They didn’t speak, however, until Lacey said goodbye to Brackins.

“I don’t even remember having a conversation with him,” Lacey said, “and he didn’t know who I was. I just knew he was a coach.”

Brackins was their common denominator, their unsuspecting cupid.

“I knew Craig from basketball and TJ recruited Craig,” Lacey said. “Thanks to Craig, we have met.”

His side of the story

This is Lacey’s story. Otzelberger puts it this way:

“I saw women’s games when she was playing in college, but it wasn’t like I was watching her play,” Otzelberger said. “I don’t even remember her as a player in college.”

Something happened, however, after their first conversation the day Lacey left for the WNBA. Love at first sight?

“I don’t know about it, but we kept in touch,” Otzelberger said.

They texted and then finally had their first date after Lacey returned to Ames after the 2010 WNBA Draft.

“I asked her out when I met her coming out of the (training) facility after she was training on a Friday afternoon,” Otzelberger recalls.

They went to dinner at Ames’ cafe. They went to the movies.

“It was so weird how it all happened,” Lacey said. “It was a weird way to meet and then go out.”



This is nothing compared to Otzelberger’s proposal.

“We were in Australia last May for him to meet my family,” Lacey said. “We hung out at my parents’ house, but he still wanted to go back to the hotel.”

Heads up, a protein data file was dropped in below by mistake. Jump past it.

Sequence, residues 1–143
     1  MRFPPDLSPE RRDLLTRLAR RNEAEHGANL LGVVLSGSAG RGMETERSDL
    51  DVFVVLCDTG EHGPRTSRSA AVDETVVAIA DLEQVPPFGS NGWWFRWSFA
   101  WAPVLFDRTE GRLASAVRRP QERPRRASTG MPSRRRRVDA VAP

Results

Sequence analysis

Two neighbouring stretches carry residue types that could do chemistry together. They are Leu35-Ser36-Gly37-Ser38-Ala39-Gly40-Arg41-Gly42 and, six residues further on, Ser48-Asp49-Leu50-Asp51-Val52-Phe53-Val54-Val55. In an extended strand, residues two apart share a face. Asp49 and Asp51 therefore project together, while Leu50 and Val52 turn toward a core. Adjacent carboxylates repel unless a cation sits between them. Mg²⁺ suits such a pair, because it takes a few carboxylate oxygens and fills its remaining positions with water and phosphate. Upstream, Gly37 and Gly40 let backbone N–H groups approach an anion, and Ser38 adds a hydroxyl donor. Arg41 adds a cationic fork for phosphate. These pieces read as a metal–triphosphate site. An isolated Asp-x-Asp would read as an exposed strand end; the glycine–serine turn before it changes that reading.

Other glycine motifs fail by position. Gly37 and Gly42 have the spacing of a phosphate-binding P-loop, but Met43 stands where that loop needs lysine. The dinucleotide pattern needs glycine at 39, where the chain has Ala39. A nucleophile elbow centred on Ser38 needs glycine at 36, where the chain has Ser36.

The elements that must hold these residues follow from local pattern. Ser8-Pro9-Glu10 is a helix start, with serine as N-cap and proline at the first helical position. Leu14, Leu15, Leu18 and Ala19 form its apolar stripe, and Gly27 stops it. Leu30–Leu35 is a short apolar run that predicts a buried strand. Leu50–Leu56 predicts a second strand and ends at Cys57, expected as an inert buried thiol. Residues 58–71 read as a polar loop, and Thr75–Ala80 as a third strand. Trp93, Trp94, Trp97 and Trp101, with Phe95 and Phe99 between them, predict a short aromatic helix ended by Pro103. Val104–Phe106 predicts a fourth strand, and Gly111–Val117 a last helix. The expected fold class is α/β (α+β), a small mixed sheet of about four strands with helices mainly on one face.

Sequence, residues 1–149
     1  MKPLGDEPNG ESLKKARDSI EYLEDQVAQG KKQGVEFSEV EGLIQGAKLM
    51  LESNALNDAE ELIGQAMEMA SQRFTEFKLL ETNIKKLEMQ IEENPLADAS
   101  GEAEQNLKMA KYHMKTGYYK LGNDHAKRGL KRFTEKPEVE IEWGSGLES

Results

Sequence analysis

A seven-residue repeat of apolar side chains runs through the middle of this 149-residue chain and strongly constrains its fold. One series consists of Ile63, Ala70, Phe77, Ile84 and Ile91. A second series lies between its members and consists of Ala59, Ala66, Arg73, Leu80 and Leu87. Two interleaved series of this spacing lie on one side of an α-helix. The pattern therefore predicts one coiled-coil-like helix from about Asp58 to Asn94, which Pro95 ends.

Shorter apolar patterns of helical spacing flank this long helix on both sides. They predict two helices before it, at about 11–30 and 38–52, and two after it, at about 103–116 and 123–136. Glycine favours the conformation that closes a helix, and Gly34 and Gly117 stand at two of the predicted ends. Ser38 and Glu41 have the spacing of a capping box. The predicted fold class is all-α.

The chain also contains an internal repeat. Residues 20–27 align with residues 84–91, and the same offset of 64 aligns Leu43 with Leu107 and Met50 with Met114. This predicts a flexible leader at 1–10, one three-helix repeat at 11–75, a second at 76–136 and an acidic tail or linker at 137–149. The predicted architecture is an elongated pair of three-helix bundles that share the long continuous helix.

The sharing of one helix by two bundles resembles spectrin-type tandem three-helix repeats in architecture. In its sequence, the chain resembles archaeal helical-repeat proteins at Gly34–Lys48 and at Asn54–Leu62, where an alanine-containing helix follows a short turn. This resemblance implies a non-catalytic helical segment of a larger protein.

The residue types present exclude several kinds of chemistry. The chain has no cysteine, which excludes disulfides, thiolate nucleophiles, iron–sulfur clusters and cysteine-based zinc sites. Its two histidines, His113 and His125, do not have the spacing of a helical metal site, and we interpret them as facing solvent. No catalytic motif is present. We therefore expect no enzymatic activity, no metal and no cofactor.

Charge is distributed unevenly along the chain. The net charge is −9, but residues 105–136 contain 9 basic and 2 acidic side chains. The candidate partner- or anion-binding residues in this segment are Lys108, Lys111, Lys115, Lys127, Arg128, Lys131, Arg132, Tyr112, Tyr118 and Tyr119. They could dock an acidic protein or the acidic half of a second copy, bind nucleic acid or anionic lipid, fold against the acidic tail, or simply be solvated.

Otzelberger is a strategist – on and off the pitch. He had a plan.

“Alison didn’t want to leave the house, but I finally convinced her we had to go – that we have a tight schedule,” Otzelberger said.

Instead of driving to the hotel, they pulled up to a lake side that surrounded a downtown residential development.

“He said he wanted to look at a development – apartments under construction,” Lacey said. “There was the biggest full moon in 10 years, they said. It was beautiful.”

They walked around the lake, Alison faster than TJ

“I walked in front of him because I was cold and wanted to get back to the car,” she said. “I finally turned to see how far back he was.”

He wasn’t far.

He was on his knees.

Otzelberger-the-romantic did the old-school thing, however. He asked for permission first.

“Alison’s dad and I went to lunch earlier today, where I asked for her hand in marriage,” Otzelberger said. “So he knew.

“I exposed the side that we try not to show in training every day.”